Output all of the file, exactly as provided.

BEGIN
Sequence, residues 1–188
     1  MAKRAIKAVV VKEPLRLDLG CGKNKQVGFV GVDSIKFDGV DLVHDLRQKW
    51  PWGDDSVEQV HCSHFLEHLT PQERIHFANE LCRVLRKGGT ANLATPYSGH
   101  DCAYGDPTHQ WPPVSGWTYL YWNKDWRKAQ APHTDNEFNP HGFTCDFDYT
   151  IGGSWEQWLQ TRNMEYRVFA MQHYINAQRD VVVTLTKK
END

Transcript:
Sequence, residues 1–188
     1  MAKRAIKAVV VKEPLRLDLG CGKNKQVGFV GVDSIKFDGV DLVHDLRQKW
    51  PWGDDSVEQV HCSHFLEHLT PQERIHFANE LCRVLRKGGT ANLATPYSGH
   101  DCAYGDPTHQ WPPVSGWTYL YWNKDWRKAQ APHTDNEFNP HGFTCDFDYT
   151  IGGSWEQWLQ TRNMEYRVFA MQHYINAQRD VVVTLTKK